Strategy to Picking Winner in Politics Betting

There is money to be made in politics because, out of all the novelty betting markets that bookmakers offer today, there is no doubt that the ones pertaining to elections represent the best opportunities for smart punters. If you take away anything from this article remember, there is great value to be had during the day of the actual elections, NOT leading up to it.

Academics wrong to favour betting odds over opinion polls

In recent years there have been a number of academic studies published that have the reached the conclusion that, when it comes to forecasting election results, no model beats the betting one. Ironically, one of the best known academics in this field, Andrew Leigh, became a member of the Australian House of Representatives in 2010 when he won the Canberra seat of Fraser for the country’s governing Labor Party.

Cited bookmakers have gone with the flow because the various academic studies have provided them with excellent publicity material. The betting industry has been able to say that its election markets are more accurate than opinion polls and have professors and the like from some of the world’s top universities provide the empirical evidence. Major media organizations around the globe have fallen for the line, with it now commonplace to see betting odds quoted either alongside opinion polls or in preference to them.

Insider Tip: Take it from someone who has worked at a high level for one of the world’s leading politics bookmakers:

The election betting markets would be nothing without the opinion polls and 99 times out of 100 – actually, make that 999 times out of 1,000 – the polls lead the way. The exception to the rule is when something such a terrorist attack occurs during the final few weeks of a campaign and the election betting odds fluctuate before the opinion pollsters have time to survey a statistically valid number of people, which can take hours.

Dumb punters nibble at election underdogs

The primary reason as to why any serious punter should be interested in election betting is this: it does not matter in which country an election takes place, one can guarantee that the favourite will go off at longer odds than it should. That is because dumb punters nibble at election underdogs and force them into artificially low odds.

Take last year’s American Presidential Election between the incumbent, Barack Obama, and the challenger, Mitt Romney, as an example (at the time of writing). At dawn on election day across the United States of America, Obama could have been backed at odds of around 1-4 and he had available at around the 2-5 mark just a few days earlier. However, according to opinion poll pooler extraordinaire, Nate Silver, Obama’s re-election chance stood at 91 per cent based on all the survey data.

Even at 1-4, Obama represented a great bet because Silver’s analysis had him chalked up at odds of around 1-10. But dumb punters, failing to comprehend that Obama’s general national lead over Romney of two points was, in real terms, much more comfortable than it sounded, kept backing the underdog, albeit for small amounts of money. Bookmakers could afford to lay Obama at 1-4 because they were getting sufficient action on Romney at around 11-4 to balance their books.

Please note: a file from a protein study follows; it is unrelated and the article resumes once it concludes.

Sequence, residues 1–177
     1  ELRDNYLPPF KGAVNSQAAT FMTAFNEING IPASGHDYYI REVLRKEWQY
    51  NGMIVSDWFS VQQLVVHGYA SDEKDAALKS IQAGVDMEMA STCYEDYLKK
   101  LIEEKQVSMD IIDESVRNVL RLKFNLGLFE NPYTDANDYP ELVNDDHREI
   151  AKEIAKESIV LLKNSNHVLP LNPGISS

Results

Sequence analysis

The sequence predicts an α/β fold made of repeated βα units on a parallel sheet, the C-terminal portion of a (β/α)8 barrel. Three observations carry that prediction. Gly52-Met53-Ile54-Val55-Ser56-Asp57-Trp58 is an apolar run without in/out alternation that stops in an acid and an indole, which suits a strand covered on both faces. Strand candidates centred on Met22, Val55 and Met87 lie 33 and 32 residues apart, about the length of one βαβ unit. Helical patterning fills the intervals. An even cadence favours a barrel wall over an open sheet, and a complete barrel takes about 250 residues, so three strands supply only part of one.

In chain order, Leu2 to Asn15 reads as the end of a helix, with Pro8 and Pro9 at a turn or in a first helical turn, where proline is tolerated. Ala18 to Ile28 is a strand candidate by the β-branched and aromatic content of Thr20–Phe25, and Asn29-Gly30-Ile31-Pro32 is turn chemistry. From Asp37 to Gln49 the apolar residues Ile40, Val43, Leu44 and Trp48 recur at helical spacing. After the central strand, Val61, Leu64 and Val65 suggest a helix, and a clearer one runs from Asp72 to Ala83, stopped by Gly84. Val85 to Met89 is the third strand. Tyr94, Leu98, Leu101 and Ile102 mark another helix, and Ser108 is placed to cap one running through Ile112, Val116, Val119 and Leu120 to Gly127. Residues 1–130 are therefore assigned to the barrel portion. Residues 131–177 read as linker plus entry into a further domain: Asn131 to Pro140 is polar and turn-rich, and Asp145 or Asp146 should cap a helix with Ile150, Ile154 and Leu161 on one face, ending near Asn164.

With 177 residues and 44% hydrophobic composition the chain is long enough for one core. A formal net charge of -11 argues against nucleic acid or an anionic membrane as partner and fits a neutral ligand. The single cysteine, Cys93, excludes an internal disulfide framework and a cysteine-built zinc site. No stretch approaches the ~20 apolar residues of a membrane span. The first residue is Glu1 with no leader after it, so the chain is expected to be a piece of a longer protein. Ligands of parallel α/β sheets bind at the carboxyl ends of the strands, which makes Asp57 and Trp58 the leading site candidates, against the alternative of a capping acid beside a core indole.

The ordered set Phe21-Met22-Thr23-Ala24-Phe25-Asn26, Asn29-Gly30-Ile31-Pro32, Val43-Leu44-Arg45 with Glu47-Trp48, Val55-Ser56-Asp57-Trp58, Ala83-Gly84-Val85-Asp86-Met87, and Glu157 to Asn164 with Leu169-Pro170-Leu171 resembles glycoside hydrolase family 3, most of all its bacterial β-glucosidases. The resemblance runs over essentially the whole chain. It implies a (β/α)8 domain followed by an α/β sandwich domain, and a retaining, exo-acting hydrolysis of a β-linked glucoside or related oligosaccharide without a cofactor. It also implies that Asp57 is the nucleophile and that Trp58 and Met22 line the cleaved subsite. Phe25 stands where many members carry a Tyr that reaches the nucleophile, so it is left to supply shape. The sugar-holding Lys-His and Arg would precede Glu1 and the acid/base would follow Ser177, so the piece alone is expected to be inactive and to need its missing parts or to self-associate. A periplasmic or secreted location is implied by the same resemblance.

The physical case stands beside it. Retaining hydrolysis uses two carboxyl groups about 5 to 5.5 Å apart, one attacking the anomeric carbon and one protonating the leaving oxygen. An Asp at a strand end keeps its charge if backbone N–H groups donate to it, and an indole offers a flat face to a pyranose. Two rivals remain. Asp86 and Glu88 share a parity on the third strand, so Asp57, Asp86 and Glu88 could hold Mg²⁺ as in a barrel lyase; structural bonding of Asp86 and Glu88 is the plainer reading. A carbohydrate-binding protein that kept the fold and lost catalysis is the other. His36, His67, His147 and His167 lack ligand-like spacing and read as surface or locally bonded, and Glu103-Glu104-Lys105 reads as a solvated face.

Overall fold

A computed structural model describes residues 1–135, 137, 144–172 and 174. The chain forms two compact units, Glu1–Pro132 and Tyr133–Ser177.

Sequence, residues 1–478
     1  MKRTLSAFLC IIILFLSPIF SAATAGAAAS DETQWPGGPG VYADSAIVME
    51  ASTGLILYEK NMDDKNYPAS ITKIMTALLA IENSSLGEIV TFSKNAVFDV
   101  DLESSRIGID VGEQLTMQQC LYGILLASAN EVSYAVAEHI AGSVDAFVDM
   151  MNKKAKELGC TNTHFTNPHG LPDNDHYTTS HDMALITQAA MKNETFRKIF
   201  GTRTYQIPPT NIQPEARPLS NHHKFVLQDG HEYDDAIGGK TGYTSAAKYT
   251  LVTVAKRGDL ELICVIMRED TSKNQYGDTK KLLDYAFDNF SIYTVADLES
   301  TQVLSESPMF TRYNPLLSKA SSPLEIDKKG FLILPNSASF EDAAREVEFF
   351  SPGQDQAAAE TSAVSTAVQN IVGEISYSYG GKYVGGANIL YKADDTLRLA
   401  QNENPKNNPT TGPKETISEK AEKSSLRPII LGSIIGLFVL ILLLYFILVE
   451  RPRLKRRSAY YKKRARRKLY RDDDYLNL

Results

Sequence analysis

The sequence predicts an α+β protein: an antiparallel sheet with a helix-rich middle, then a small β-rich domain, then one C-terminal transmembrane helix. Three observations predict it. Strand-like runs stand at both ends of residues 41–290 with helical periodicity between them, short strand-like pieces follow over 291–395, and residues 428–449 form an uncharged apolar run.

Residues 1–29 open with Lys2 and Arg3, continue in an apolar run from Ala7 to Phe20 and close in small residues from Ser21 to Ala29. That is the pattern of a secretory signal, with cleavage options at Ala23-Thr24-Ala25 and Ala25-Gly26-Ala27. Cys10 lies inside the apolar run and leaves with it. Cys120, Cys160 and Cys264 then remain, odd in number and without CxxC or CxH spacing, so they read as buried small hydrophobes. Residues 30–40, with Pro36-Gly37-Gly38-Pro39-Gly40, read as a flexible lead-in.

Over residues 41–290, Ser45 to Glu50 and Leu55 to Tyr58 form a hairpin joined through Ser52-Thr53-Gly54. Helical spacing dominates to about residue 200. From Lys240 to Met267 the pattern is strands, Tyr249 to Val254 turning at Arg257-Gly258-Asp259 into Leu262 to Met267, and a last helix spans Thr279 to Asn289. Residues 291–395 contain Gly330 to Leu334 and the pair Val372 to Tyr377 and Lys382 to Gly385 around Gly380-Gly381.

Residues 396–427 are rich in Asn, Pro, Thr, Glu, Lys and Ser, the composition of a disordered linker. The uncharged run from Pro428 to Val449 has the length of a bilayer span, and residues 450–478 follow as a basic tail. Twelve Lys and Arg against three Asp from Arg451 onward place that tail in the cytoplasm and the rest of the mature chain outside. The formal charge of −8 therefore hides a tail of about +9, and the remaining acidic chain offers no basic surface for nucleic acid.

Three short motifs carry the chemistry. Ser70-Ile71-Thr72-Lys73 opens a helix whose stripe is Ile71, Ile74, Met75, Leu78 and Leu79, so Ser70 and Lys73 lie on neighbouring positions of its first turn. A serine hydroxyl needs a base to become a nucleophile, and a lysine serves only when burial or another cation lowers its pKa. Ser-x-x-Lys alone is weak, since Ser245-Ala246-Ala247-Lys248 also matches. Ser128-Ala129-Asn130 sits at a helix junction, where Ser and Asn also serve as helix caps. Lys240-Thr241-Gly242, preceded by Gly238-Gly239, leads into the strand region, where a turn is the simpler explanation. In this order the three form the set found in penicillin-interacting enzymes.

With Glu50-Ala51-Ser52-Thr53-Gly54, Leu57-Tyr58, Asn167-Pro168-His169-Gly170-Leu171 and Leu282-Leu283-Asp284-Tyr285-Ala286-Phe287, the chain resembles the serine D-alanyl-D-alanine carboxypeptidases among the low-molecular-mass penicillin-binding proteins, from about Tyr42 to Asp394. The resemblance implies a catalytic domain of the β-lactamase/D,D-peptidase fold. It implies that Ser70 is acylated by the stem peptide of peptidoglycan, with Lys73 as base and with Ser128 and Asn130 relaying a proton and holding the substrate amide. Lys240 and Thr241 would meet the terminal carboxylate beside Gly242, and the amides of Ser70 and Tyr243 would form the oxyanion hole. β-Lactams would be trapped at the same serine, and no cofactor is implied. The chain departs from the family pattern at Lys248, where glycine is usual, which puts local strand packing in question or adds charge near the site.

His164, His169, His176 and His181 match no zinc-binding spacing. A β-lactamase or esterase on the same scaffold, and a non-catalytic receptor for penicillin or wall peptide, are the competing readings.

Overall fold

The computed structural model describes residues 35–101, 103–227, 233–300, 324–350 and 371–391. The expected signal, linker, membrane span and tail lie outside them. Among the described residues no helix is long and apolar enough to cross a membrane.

A week is a long time in politics

Media-savvy bookmakers do not hesitate to throw up election betting markets not just months but sometimes years ahead of polling day because they generate free publicity. However, that does not mean that punters have to play the game.

There is a well worn saying that a week is a long time in politics. Things can change in an instant and anyone who says that they can predict an election result years in advance is having a laugh. One would think that Hillary Clinton is a cast-iron certainty to succeed Obama in the White House if one looked at the early betting odds on the 2016 American Presidential Election, with Bill’s wife as short as 5-2 with some of the major organizations. Anyone who backs Clinton at 5-2 nearly four years before polling day deserves to have all their betting accounts closed, if only to protect them from their own betting stupidity.

Clinton will be 69 years old when American goes to the polls to elect its 45th President and her rivals will not refrain from highlighting her age. Also, while Clinton has won over some of her detractors recently, she remains a polarising figure whom even some Democratic Party supporters would be inclined to oppose. And the race to replace Obama is almost sure to produce an ABC – Anyone But Clinton – candidate.

According to bookmakers, Clinton was going to succeed George W Bush as the occupant of 1600 Pennsylvania Avenue and all of us know that did not happen. Several years later and bookmakers again think that the American Presidency is Clinton’s to lose. One would want better than 5-2 that Clinton won the Democratic Party nomination, let alone the star prize of the keys to the Oval Office. Hold fire, see what unfolds over the coming weeks, months and years and, remember, there is often terrific value on election day.